Christmas Eve is a particularly busy and special time in clergy households. The whole day focuses toward the services that mark this night in a profound and intense way that is hard to explain to others. Everything else becomes peripheral to that worship and the preparation for it. No matter how stressed the days leading to this moment, the sense of love incarnate becomes very tangible as darkness falls and candles are lit.
I have certain touchstones that are literal examples of that love. One is the tiny creche that hung on my mother’s Christmas tree from the time she was a little girl and then was gifted to me from the family tree in 1975. If you look closely, you can see that the baby is holding a cross – a profoundly unsettling understanding of the incarnation that has slowly slipped deeper and deeper into the background of Christmas during my lifetime.
And, how sad, because if this birth shows us anything, it is that everything that is caught in this miracle called time, shares not only brokenness, trials, tribulations, pain, suffering and, eventually, death, but shares beauty, grace, hope, vision, and the divine image, as well. Like the One we honor, we are incarnate love. Like the new-born holding the symbol of death, we exist in a paradoxical holy time. As the earth swings the last one-billionth of a degree of its arc, pauses motionless for a nanosecond, and then tips inexorably toward the summer solstice, we pause motionless between inhale and exhale, on the liminal cusp where birth and death are one, time and eternity are one, all that is immanent and all that is transcendent are one.
Another touchstone is the following greeting (known as the Fra Giovanni Prayer) which was printed in our holiday cards for many years and which my husband and I also used in the Christmas Eve candlelight services during our ministry in western Massachusetts. The attribution, such as we have it, appears at the end.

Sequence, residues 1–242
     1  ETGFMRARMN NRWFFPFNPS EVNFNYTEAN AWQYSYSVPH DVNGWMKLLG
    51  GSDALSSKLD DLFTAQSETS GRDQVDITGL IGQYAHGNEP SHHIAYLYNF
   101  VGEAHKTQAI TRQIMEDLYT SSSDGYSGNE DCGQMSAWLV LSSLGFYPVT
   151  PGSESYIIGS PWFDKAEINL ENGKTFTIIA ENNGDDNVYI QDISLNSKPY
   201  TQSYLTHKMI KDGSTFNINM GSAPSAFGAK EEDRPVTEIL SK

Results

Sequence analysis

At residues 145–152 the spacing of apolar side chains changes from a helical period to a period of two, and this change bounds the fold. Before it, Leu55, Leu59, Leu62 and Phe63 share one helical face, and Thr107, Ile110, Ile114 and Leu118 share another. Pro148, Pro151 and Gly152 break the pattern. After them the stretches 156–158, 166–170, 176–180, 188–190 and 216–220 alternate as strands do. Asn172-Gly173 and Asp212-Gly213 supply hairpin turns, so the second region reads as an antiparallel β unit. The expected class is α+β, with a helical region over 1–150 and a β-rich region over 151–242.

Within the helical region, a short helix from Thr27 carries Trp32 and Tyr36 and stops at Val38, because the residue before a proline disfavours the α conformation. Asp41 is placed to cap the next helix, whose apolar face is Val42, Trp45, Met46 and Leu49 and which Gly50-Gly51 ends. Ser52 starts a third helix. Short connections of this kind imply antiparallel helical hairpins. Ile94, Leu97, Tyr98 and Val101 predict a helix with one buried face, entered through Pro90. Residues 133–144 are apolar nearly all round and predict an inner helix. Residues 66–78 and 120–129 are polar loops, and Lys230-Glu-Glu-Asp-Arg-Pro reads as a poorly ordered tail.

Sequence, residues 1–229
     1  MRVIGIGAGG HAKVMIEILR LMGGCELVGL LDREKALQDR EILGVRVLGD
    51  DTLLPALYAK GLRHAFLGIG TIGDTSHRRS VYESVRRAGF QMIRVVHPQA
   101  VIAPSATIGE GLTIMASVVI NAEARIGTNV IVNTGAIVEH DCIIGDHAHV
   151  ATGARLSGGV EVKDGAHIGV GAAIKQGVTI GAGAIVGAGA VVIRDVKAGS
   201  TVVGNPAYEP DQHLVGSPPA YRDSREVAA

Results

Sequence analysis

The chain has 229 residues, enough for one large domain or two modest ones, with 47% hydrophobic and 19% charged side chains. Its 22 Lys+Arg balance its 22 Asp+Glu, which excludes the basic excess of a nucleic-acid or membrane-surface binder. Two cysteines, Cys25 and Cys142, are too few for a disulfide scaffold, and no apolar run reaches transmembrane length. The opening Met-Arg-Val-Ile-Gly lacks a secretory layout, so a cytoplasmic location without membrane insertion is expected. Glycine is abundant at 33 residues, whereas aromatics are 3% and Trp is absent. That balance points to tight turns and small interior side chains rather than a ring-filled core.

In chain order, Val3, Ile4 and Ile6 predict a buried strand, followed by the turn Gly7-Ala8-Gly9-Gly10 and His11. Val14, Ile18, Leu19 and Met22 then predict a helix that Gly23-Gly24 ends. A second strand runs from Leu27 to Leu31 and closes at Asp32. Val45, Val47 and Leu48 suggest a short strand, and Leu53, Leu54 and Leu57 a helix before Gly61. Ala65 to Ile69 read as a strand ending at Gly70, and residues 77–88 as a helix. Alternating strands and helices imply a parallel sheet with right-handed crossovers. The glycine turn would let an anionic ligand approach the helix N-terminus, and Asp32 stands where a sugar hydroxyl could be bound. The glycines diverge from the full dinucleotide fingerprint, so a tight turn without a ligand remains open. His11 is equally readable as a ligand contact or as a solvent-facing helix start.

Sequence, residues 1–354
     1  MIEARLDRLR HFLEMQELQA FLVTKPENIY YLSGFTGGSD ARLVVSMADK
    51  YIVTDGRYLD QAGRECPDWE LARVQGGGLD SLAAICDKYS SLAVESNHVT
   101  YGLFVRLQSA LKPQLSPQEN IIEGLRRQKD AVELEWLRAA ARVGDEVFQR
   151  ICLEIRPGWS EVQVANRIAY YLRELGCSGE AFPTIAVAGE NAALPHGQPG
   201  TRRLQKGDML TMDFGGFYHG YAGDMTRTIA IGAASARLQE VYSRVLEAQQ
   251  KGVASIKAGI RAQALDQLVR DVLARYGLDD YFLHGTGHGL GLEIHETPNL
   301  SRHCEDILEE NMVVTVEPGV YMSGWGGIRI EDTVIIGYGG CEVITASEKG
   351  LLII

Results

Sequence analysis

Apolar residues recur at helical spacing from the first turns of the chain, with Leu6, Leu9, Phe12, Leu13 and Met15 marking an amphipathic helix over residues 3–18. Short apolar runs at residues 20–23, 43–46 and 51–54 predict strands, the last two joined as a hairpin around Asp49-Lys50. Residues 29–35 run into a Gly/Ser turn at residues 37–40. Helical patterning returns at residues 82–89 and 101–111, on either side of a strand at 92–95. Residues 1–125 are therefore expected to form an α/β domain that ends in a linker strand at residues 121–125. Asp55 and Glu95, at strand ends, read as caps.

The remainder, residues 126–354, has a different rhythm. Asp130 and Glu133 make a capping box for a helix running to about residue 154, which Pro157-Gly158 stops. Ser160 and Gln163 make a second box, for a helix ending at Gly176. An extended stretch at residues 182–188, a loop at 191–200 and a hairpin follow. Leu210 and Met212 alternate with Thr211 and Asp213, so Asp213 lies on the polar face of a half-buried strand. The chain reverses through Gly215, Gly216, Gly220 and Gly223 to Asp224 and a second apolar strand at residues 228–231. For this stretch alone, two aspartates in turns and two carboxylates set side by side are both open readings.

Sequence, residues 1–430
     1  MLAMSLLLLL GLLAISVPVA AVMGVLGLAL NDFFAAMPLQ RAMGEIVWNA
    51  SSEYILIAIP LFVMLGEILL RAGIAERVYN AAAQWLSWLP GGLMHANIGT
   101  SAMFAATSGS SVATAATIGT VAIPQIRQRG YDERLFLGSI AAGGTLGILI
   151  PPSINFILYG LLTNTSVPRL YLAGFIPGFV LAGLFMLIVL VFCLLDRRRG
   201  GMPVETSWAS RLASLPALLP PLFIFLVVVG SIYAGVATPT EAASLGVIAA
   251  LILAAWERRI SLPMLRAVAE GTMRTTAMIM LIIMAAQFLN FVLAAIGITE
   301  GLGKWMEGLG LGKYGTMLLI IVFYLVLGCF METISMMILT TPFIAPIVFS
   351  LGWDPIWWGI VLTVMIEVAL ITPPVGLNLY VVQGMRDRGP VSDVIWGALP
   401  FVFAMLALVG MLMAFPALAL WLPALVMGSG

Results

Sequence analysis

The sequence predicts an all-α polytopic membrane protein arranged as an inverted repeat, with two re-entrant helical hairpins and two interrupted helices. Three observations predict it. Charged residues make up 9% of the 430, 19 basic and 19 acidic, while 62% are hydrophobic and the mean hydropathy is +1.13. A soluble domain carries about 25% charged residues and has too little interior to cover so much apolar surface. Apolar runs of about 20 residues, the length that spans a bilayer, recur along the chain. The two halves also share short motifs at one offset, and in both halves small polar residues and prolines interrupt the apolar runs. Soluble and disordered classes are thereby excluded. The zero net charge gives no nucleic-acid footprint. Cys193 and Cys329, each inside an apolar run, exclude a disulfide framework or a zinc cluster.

There is nothing I can give you which you do not have,
but there is much that while I cannot give it, you can take.
No heaven can come to us unless our hearts find rest in today. Take heaven.
No peace lies in the future that is not hidden in this present instant. Take peace.
The gloom of the world is but a shadow; behind it, yet within reach, in joy.
There is radiance and glory in the darkness could we but see – and to see we have only to look.
I beseech you to look.
Life is so generous a giver,
but we judging its gifts by their covering,
cast them away as ugly or heavy or hard.
Remove the covering
and you will find beneath it a living splendor,
woven of love, by wisdom, with power.
Welcome it, grasp it,
and you touch the angel’s hand
that brings it to you.
Everything we call a sorrow or a duty,
the angel’s hand is there, the gift is there,
and the wonder of an overshadowing presence.
Our joys, too, be not content with them as joys.
They, too, conceal diviner gifts.
And so at this time I greet you,
not quite as the world sends greetings,
but with profound esteem
and the prayer that for you, now and forever,
the day breaks and the shadows flee away.
Blessings in this Solstice Time,
Fra Giovanni Giocondo (c.1435–1515) was a Franciscan friar who was a true Renaissance man: an architect and engineer, archaeologist, and classical scholar. His name is associated with a letter purported to have been sent by him to Countess Allagia Aldobrandeschi on Christmas Eve, 1513. The prayer can only be traced as far back as the 1930s when it was included in a Christmas greeting from Greville MacDonald (son of author George MacDonald).
Text © 2014, Andrea La Sonde Anastos
Photos © 2014 Immram Chara, LLC
NOTE: The creche in the first photo was probably made in the late 1920s or early 1930s. The lion and lamb in the second photo was a gift to my husband following the birth of our daughter. She and I added the feathers many years later so that it could be included the Christmas that we decorated the tree only in flying things.